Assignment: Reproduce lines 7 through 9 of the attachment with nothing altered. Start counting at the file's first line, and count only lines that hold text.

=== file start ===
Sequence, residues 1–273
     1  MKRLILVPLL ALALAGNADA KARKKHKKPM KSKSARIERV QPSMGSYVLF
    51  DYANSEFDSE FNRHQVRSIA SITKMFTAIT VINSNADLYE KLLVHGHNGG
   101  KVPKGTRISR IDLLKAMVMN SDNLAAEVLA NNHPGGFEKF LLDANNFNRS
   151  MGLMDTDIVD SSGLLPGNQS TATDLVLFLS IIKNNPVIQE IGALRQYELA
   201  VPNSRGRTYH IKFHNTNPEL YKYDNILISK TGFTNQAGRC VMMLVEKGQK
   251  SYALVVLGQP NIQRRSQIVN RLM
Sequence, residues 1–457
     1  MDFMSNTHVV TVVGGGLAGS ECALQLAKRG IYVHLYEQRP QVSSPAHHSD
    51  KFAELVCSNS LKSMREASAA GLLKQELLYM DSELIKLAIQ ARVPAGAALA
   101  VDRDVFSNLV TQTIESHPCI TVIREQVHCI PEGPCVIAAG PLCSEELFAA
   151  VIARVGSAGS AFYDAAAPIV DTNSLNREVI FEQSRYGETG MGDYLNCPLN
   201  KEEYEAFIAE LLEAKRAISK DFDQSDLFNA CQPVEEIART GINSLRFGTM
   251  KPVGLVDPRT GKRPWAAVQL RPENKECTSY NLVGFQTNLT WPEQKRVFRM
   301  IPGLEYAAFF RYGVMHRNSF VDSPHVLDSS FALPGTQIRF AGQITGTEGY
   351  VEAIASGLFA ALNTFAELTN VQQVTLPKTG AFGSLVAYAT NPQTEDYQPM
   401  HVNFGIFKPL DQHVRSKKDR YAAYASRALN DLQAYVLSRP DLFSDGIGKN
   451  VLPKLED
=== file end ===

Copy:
   251  SYALVVLGQP NIQRRSQIVN RLM
Sequence, residues 1–457
     1  MDFMSNTHVV TVVGGGLAGS ECALQLAKRG IYVHLYEQRP QVSSPAHHSD